A recent report claims that leading figures in the data science industry believe that the computer code developed by Professor Neil Ferguson, which convinced governments that lockdown was the best choice to prevent the spread of the Wuhan coronavirus, was “totally unreliable.”
A recent report from the Telegraph alleges that experts have begun to question the computer code developed by Professor Neil Ferguson which largely influenced world governments to enter states of lockdown to prevent the spread of the Wuhan coronavirus.
David Richards, the co-founder of the British data technology firm WANdisco, derided Ferguson’s data model of coronavirus infections as a “buggy mess that looks more like a bowl of angel hair pasta than a finely tuned piece of programming.” Richards added, “In our commercial reality, we would fire anyone for developing code like this and any business that relied on it to produce software for sale would likely go bust.”
The Imperial College’s model placed the fatality rate higher than others and predicted that in the United Kingdom alone 510,000 people would die without a lockdown. This reportedly prompted a dramatic change in policy from the UK government which ichluded shutting down businesses, schools, and restaurants.
The Telegraph writes:
The Imperial model works by using code to simulate transport links, population size, social networks and healthcare provisions to predict how coronavirus would spread. However, questions have since emerged over whether the model is accurate, after researchers released the code behind it, which in its original form was “thousands of lines” developed over more than 13 years.
In its initial form, developers claimed the code had been unreadable, with some parts looking “like they were machine translated from Fortran”, an old coding language, according to John Carmack, an American developer, who helped clean up the code before it was published online. Yet, the problems appear to go much deeper than messy coding.
Many have claimed that it is almost impossible to reproduce the same results from the same data, using the same code. Scientists from the University of Edinburgh reported such an issue, saying they got different results when they used different machines, and even in some cases, when they used the same machines.
Researchers from the University of Edinburgh commented on the Imperial College’s Github file: “There appears to be a bug in either the creation or re-use of the network file. If we attempt two completely identical runs, only varying in that the second should use the network file produced by the first, the results are quite different.”
A fix to this bug was later provided but appeared to be one of a number of bugs within the system. The developers claim that the model is “stochastic”, and that “multiple runs with different seeds should be undertaken to see average behaviour.”
But some specialists have argued that “models must be capable of passing the basic scientific test of producing the same results given the same initial set of parameters…otherwise, there is simply no way of knowing whether they will be reliable.”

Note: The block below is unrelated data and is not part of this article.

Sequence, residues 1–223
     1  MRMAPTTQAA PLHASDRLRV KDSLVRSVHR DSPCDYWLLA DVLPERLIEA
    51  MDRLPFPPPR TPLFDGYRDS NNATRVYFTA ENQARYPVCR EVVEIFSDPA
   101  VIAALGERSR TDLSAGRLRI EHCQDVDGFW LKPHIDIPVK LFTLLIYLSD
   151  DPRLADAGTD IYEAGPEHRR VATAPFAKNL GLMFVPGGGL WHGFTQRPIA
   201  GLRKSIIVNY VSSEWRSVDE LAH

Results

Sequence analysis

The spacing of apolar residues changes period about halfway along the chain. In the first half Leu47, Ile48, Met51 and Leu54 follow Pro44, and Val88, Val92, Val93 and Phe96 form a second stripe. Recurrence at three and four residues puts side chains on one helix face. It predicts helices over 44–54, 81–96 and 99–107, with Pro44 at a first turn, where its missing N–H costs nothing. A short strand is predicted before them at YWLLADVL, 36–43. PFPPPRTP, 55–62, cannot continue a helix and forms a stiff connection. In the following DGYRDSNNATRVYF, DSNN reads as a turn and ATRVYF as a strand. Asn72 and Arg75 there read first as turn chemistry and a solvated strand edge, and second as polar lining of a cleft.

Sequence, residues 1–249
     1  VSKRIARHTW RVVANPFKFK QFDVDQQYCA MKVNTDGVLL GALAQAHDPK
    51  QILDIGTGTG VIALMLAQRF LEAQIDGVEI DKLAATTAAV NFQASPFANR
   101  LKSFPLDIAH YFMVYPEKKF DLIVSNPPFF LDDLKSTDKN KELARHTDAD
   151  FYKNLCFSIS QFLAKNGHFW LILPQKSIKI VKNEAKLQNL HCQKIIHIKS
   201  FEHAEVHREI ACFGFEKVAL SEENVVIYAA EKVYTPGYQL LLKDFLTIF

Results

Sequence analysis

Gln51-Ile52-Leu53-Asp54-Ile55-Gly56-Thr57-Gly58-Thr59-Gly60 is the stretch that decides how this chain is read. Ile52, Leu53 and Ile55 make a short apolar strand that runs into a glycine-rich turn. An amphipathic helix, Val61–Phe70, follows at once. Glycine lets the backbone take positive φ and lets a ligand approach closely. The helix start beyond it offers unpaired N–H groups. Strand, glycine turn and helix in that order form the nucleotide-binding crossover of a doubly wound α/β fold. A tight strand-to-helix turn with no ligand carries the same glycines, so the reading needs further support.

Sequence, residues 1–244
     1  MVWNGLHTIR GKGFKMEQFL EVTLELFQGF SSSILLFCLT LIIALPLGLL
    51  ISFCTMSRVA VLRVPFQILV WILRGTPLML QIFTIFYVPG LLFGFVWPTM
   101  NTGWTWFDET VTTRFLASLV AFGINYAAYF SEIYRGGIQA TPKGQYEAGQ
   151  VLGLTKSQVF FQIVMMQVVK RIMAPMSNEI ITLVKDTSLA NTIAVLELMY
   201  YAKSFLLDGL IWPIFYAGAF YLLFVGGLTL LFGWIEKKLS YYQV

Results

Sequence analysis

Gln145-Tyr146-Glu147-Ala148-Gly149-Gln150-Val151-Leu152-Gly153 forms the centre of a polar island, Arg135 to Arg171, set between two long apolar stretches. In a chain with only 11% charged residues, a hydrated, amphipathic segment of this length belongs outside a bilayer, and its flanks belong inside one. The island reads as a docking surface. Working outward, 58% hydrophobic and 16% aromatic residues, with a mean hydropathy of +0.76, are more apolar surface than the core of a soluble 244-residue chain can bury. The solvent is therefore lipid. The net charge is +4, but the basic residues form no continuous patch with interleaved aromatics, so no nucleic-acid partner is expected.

Michael Bonsall, Professor of Mathematical Biology at Oxford University, commented that: “We’d be up in arms if weather forecasting was based on a single set of results from a single model and missed taking that umbrella when it rained.”
Konstantin Boudnik, vice-president of architecture at WANdisco, also stated that Ferguson’s previous models which incorrectly predicted up to 136,000 deaths from mad cow disease, 200 million from bird flu, and 65,000 from swine flu, do not inspire confidence. “The facts from the early 2000s are just yet another confirmation that their modeling approach was flawed to the core,” says Dr. Boudnik. “We don’t know for sure if the same model/code was used, but we clearly see their methodology wasn’t rigourous then and surely hasn’t improved now.”
A spokesperson to the Imperial College COVID19 Response Team stated:
The UK Government has never relied on a single disease model to inform decision-making. As has been repeatedly stated, decision-making around lockdown was based on a consensus view of the scientific evidence, including several modelling studies by different academic groups.
Multiple groups using different models concluded that the pandemic would overwhelm the NHS and cause unacceptably high mortality in the absence of extreme social distancing measures. Within the Imperial research team we use several models of differing levels of complexity, all of which produce consistent results. We are working with a number of legitimate academic groups and technology companies to develop, test and further document the simulation code referred to. However, we reject the partisan reviews of a few clearly ideologically motivated commentators.
Epidemiology is not a branch of computer science and the conclusions around lockdown rely not on any mathematical model but on the scientific consensus that COVID-19 is a highly transmissible virus with an infection fatality ratio exceeding 0.5pc in the UK.
Read more at the Telegraph here.
Lucas Nolan is a reporter for Breitbart News covering issues of free speech and online censorship. Follow him on Twitter @LucasNolan or contact via secure email at the address email@example.com